That is why, when I decided to write, it was only natural that the inspiration should come from my travels.
But I needed to hone my craft first so I joined a writing class in the Irish Writers Centre. It was there that I met like-minded people. Four of us started a writers’ group, meeting once a month over a bottle of red wine to discuss each other’s work. It was very motivational as putting pen to paper can be a solitary process. The writing.ie website is another good place to start as it has lots of good advice.
Turning 40 was a major catalyst in the writing of my first published book and an excuse to go away for a weekend with one of my oldest friends from my school days. She was living in the Pyrenees and we decided to meet in Biarritz for two nights to share some quality time together.
We reminisced over our lives and I told her that I wanted to write a book. Over lunch in the beautiful Basque city of Bayonne we hatched a plot that was shocking enough to get noticed by Poolbeg Press. Two Days in Biarritz was my debut novel and my friend suggested that one of the characters in the book had an affair with the other’s father. “Your dad is pretty hot,” she said with a wink. We had a good laugh over a bottle of rosé wine but it did indeed become my first and bestselling novel, reaching number two in the Irish charts two years later.
Before Paula Campbell of Poolbeg sent me the contract I said I was about to take a trip to New York and maybe my next book would be Three Nights in New York. She liked the sound of it and as fate would have it a year later that, too, was published.
While in New York I was fortunate to meet with some locals and one of the group was a really interesting guy who was an artist by profession. He was late for dinner and made apologies for his girlfriend who had fainted with anaemia at the subway earlier that day. She had fallen on to the train tracks and he had jumped down and rescued her seconds before a train came by.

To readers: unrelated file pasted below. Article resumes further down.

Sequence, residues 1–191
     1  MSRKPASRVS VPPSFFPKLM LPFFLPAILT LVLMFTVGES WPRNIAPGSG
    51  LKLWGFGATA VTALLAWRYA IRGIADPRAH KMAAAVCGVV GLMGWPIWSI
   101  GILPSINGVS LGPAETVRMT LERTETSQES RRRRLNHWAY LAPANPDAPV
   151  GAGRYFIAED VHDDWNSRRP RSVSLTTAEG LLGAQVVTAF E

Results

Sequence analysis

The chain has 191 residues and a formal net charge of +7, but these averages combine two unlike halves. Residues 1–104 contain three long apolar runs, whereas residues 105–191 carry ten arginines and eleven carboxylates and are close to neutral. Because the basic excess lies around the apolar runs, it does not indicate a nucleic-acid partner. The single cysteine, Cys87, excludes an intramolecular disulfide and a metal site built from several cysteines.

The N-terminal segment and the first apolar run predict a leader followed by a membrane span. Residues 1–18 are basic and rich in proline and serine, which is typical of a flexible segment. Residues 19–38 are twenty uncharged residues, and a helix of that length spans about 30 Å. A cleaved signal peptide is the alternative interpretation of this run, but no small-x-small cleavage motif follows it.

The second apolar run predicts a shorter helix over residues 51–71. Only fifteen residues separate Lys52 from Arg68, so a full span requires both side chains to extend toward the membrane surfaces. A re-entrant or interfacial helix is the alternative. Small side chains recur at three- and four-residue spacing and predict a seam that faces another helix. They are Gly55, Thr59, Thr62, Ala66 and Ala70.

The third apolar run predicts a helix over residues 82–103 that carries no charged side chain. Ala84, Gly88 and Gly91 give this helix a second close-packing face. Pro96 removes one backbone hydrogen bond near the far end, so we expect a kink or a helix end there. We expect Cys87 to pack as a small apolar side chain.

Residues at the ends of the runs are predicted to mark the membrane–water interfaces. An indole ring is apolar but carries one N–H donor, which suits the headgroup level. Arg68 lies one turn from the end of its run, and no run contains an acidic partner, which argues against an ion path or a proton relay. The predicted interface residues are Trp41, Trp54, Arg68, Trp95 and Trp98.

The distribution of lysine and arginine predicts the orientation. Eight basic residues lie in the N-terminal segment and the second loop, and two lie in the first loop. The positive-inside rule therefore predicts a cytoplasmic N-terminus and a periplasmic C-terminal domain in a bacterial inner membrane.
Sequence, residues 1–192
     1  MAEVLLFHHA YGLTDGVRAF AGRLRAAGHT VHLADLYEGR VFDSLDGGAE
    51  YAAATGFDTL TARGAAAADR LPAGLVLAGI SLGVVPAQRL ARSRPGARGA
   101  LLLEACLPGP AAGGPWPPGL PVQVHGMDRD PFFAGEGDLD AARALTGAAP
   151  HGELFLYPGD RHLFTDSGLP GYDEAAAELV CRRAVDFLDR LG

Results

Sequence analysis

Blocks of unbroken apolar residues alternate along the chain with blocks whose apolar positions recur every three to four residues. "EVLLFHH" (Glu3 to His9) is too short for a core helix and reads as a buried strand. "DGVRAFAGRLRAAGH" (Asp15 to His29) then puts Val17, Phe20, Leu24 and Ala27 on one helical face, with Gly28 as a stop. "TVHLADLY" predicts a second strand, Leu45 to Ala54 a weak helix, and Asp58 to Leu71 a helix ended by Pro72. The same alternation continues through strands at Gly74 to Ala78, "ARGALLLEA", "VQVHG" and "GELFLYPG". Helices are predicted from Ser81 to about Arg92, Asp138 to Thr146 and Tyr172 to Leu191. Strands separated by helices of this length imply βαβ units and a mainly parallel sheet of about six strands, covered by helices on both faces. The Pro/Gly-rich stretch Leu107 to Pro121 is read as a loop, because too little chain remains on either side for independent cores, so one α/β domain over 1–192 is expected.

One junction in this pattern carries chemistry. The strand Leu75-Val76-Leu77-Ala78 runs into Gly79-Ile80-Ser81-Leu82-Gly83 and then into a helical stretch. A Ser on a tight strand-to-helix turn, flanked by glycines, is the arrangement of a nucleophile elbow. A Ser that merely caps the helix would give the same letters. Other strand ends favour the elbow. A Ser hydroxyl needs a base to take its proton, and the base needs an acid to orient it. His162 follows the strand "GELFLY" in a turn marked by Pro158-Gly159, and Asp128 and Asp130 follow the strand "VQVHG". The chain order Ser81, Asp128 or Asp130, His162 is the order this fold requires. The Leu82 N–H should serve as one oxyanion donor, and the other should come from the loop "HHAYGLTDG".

I thought that so exciting I stole it as the prologue for my novel. I discovered while writing my second novel that whenever I hit a wall with my plot, something would happen in real life that would provide the answer for my characters. I needed a reason for one of my characters, who was a single mother, to return to Dublin. Then while teaching a group of students in my other job as an art teacher, a student walked into my class room with his neck in a brace and explained that he had an accident playing rugby. It was like a light switch had gone off and I had my dilemma sorted.
My third novel is entitled One Kiss in Havana and while I was holidaying with my husband in Cuba we made friends with our taxi driver. He kindly drove us off the beaten path to pay homage to Hemingway — I wanted to see the little town of Cojimar where he had written The Old Man and the Sea. While we were there, a wedding party drove by and I thought it created a great ambiance which I used on two occasions in the novel.
Hemingway was an author who put his real life experience and travels into the plots of several of his novels. His time spent in Paris with F Scott Fitzgerald is autobiographically the plot for his novel A Moveable Feast and apparently some of the characters in The Sun Also Rises can also be traced to people in Hemingway’s life. One of my favourite novels is also in this vein — Brideshead Revisited by Evelyn Waugh. I find it fascinating how, years later, the real life plot was more intriguing and shocking than the literary work.
So was my last novel 5 Peppermint Grove autobiographical? In many ways, it reflected the way I was feeling after my dear friend Rachel moved to Australia two years ago. I went to visit her shortly afterwards. Emigration was all over the media in 2011 and I had other friends who left the country — I was able to characterise them and make up my own story to console myself.
I also had a lot of fun with this novel as my mother had recently taken up playing bridge and was becoming so obsessive that she started playing online. So I constructed a character using her friend’s name and they have had great fun ever since teasing each other over it. As a writer I think it is only natural that real life gets mixed up in the fictitious lives of our characters. Maeve Binchy’s advice to aspiring writers was to write about what you know — this is one way to make your characters seem real. But I have never written a story verbatim as it would then be fact and not fiction.
And sometimes fiction is easier to believe.!
* Michelle Jackson’s latest novel, Six Postcards Home, is published on Sept 26. www.michellejackson.ie